Question to Ask the Workplace Doctors about a warning:
I received a verbal warning referring to a meeting I wasn’t aware I had! My director and manager said to me that it wasn’t acceptable that my work was late and that I had no good reason for it, and that I need to think ahead. This took about 5 seconds of their time once I arrived into work. I was not given a verbal warning on the day and I wasn’t given a chance to explain why it was late. I then received a letter saying that following our ‘meeting’ I am to accept this letter as a document to say I have received a verbal warning. Is this fair and correct?
Signed, Fair Warning?
Dear Fair Warning?:
It is a standard practice to have an employee sign she/he received a disciplinary action. However, this is not always required after an oral warning. To sign it doesn’t mean you agree you should have been warned or approve of it. Apparently, you and your director and manager are not on the best of terms. In this particular case they thought you were late, and, unfortunately, they didn’t follow a good management practice of allowing you to explain. They might be right that you do need to think ahead; most of us do. So how will you respond to this warning? Will you badmouth the director and manager to coworkers, friends and family? Will you allow this event to play like a broken scratchy record in your head and ruin your day and days? Will you allow it to crowd out any good thoughts about your work and life?
Will you take a few minutes to review this unhappy incident and look back over the past several months and ask yourself: Have I done anything that might make my superiors’ work easier? Have I added value to my job and company by cutting wasted supplies, wasted time, wasted energy and wasted money? Have I performed my job in ways what cause my internal and/or external customers to say, “Well done?” Often bosses don’t take the time to establish good communication with those they boss.Apparently that is the cause or partly the cause of them warning you.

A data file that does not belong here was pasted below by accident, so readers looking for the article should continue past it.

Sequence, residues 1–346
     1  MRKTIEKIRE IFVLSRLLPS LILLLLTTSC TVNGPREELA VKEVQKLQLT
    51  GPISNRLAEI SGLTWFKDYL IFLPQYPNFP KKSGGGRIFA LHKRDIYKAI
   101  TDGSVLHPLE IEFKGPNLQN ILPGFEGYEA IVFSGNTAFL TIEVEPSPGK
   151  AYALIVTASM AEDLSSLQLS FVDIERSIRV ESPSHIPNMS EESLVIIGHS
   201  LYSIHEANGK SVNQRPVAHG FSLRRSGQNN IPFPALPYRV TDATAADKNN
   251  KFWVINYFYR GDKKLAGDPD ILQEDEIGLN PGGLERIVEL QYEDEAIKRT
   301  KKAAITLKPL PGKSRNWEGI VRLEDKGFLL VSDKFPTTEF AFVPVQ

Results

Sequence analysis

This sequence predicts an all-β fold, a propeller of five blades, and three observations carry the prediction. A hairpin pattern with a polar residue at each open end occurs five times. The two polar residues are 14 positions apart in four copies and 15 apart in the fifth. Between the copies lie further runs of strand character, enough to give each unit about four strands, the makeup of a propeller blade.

You can now carry a grudge and see your bosses as enemies out to monitor what you do and don’t do. That is natural but not a way to develop a pleasant and effective boss-bossed working relationship. I leave you to consider ways to make their and you own time on the job better. Rather than avoiding them, take time at least once a week to ask, “How’s it going? Am I doing what you want and expect me to do?” If you give this a fair try, I predict you will begin to make both their and you days better. Does this make even a little sense? If not, I hope it motivates you to find a better way to cope with the time you work because being angry at your bosses day after day makes work which is hard in itself harder.Working together with hands, head, and heart takes and makes big WEGOS. This closing sentence is to suggest that how you think about what you do is under your control. You can choose to spin this event downward or to use it as a lesson on working with difficult bosses. One day you might be a boss and you will know from this incident how not to act.
Follow Up: Thank you for your advice. I would say that we don’t get on in these circumstances however we do. We have a very good working relationship I do about 10 hours overtime a week without being prompted, asked or PAID for my time. I work my holiday days at short notice without redeeming them back, i work through most lunch breaks and I would bend over backwards to do anything for my bosses. I’m really not sure where this is all coming from.